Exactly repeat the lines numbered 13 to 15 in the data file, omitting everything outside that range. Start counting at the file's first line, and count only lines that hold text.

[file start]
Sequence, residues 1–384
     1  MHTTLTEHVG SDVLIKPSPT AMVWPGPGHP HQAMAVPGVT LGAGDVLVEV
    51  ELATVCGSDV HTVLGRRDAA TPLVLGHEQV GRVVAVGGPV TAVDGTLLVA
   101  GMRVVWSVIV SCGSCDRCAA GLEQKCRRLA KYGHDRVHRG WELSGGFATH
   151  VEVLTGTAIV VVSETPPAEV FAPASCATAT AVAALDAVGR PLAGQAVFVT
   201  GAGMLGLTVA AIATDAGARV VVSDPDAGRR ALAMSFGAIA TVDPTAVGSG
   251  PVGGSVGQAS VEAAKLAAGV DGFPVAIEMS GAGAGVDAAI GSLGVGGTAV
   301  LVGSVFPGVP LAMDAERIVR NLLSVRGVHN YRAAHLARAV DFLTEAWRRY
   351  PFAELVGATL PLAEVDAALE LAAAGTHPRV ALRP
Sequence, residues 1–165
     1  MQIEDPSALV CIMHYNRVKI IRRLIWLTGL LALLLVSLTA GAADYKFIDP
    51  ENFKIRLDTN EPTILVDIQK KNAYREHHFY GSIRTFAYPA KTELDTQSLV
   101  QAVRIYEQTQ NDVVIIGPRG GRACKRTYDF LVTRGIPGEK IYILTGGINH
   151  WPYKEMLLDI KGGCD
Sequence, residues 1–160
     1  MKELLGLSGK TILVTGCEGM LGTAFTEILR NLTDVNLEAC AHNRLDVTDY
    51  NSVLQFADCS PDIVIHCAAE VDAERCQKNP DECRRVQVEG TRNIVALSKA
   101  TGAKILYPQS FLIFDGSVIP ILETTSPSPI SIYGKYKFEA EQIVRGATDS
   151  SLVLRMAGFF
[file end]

   101  QAVRIYEQTQ NDVVIIGPRG GRACKRTYDF LVTRGIPGEK IYILTGGINH
   151  WPYKEMLLDI KGGCD
Sequence, residues 1–160